H. H. Sheikh Dr. Sultan bin Muhammad Al Qasimi
is the 18th
Ruler of the Emirate of Sharjah in a chain of Al Qasimi Rulers since 1600 AD.
He has been at the forefront of the emirate's cultural, economic and social development and played a significant role in promoting cultural interaction and dialogue among nations at all levels , local and international.
His Highness grew up with a deep-rooted love for his country and was able to expand his knowledge through broad education.
He completed his higher education at the College of Agriculture at Cairo University.
He made key initiatives
at the local, as well as, at the international level.
H.H. is a Founding Member of the Companion of The Guild of Cambridge Benefactors, Cambridge University.
He is also a Founding Member of the University of Exeter's College of Benefactors, Exeter University.
Due to his cultural achievements, Sharjah is crowned with prestigious titles:
- the Cultural Capital of the Arab World in 1998
- the Islamic Culture Capital for 2014
- the Arab Tourism Capital for 2015.
The first evidence of human life in the UAE was discovered on Jebel Fayah in Sharjah Emirate, dating back to 85,000 BC.
In 1490 AD, Sharjah was mentioned in the records of the famous Arab navigator, Ahmad Ibn Majid, as he navigated the Gulf's waters.
Some of the most significant historical discoveries in Sharjah were found in Mleiha, Kalba, Tell Abraq, Dibba and Jebel al-Bhuhais.
Many of the archaeological items date back to the Stone Age or later.
Sharjah was one of the wealthiest towns in the region. It was a vital port on the lower Arabian Gulf from the time of the early trading with the East into the first half of the 19th century.
The Al Qawasim
tribe has been ruling Sharjah since 1760.
Alongside fishing and trading, pearling was a primary income until the late 1940s.
Since the discovery of oil in 1972, Sharjah has developed from small palm-frond houses to a contemporary city that extends all the way to the UAE's east coast.
Sharjah has kept the spirit of its history alive by incorporating tradition into every aspect of contemporary development.
How it was named
Sharjah, or the ‘rising sun' as it means in Arabic appears as early as the 2nd century AD in a map drawn by the Greek geographer Ptolemy, which indicates the settlement of Sarcoa, where Sharjah can now be found.
is lies on the West coast of the UAE. It shares its southern borders with Dubai.
It is the only emirate that is distinguished by a coastline along its both sides; the Arabian Gulf Coast and the Gulf of Oman.
It is the third largest emirate with an area of 2650 sq. km, equivalent to 3.3 per cent of the UAE's total area, excluding the islands.
Sharjah includes major cities of different features such as:
It is the largest town on the east coast, located midway between Dibba Al Hisn and Fujairah and featured with an expanding container terminal and port.
It maintains a historical charm and known for its old forts and attractive area for bird watching, kayaking and hiking trips .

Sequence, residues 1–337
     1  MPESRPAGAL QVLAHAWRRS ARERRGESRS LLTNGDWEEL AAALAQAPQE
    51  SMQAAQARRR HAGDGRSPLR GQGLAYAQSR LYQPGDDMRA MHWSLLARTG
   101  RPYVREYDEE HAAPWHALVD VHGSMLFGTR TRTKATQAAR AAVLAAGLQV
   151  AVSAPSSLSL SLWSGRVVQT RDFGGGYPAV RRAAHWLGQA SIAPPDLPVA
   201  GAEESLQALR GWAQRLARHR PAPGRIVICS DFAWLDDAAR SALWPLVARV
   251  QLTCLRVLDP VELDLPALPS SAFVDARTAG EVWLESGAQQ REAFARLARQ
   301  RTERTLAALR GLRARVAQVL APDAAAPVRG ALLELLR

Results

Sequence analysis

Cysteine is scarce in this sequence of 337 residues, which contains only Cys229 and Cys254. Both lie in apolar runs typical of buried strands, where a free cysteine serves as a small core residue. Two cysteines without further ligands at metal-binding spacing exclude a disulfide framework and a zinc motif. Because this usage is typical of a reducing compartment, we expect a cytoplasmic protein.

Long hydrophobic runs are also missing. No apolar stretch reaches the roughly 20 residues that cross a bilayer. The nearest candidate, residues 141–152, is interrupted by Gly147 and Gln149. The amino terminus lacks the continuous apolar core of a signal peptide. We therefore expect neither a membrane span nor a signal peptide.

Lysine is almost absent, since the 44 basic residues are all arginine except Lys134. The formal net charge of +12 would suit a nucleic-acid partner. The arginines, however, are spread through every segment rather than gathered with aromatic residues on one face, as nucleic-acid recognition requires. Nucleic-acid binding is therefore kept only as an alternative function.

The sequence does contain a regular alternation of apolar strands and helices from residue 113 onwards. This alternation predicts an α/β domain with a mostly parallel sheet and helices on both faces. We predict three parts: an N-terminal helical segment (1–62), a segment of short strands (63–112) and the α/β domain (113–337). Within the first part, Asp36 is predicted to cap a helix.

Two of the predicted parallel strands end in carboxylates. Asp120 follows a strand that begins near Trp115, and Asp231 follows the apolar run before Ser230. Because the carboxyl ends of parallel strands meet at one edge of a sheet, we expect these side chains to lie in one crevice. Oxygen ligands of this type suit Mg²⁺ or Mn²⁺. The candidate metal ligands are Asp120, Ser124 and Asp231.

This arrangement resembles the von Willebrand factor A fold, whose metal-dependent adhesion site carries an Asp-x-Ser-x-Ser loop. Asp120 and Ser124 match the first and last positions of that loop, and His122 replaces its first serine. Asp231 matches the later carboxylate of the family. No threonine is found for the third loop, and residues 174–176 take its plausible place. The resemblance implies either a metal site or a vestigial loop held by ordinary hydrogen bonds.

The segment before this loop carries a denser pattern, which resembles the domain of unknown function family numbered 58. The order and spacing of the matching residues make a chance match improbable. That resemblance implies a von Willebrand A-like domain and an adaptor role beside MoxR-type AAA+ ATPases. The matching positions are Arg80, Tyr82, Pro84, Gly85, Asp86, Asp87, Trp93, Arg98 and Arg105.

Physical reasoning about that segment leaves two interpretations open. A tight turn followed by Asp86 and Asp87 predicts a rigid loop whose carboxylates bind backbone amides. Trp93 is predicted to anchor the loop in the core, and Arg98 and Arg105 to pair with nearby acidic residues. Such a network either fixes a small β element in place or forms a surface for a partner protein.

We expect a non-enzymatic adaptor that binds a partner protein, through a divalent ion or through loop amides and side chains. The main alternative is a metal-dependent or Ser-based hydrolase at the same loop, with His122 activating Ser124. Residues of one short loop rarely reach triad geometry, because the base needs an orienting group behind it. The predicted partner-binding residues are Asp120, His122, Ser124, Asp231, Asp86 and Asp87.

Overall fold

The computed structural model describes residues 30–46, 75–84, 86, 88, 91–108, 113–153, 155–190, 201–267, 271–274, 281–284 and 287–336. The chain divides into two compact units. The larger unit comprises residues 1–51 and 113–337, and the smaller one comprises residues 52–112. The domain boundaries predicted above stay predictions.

It is a set of three seaside villages belonging to the Sultanate of Oman (Dibba Bayah), Fujairah (Dibba Muhallab) and in between the two, Sharjah (Dibba Al Hisn).
Dibba was the site of one of the great battles of the Ridda Wars, the battle site of 633 when over 10,000 rebels died.
At Dibba, the mountains rise 2,000 metres into the Mussandam Peninsula. This is a superb area for hiking trips and following nature trails.
It is the third largest town in Sharjah and a main producer of fruit and vegetables sold in the UAE, especially strawberries, dates, limes, guava and mangoes.
Located in Al Madam, it is one of the most popular desert areas in the emirate of Sharjah, attracting visitors for camping sites, desert drives and off-road bikers.
Nature and environment
The emirate has large desert regions, with some agricultural areas. Its islands include Sir Bu Nuair and Abu Musa. It is rich with beaches, marshes and acacia forests.
Sharjah is a home to the largest number of natural reserves in the UAE
Sharjah has a diversified economy and a solid infrastructure.
It has 19 industrial areas that contribute to more than 48% of the UAE's gross industrial output.
In 2003, Sharjah had the first low cost airline in the Middle East (Air Arabia).
It maintains 3 ports with a total area of 49,588,000 square meters.
Sharjah has two free zones with a total area of 28 million square meters; SAIF Zone and Hamriyah Free Zone.
It also hosts Expo Centre Sharjah, which is one of the region's most popular trade exhibition venues, with various B2B and B2C shows.
Key contributors of the emirate's economy are: gas, tourism, education, healthcare and logistics.
In 2014, GDP
reached around AED 113.89 Billion
Sharjah is a land of diversified architectural character and cultural wealth.
It is known for its various touristic sites
, which include historical areas like Heart of Sharjah
and modern sites like Al Qasba
and Al Majaz waterfront.
Read about: Sharjah Tourism Vision 2021
of Sharjah is 800,000 as of 2008 estimations i.e 19 per cent of UAE total population.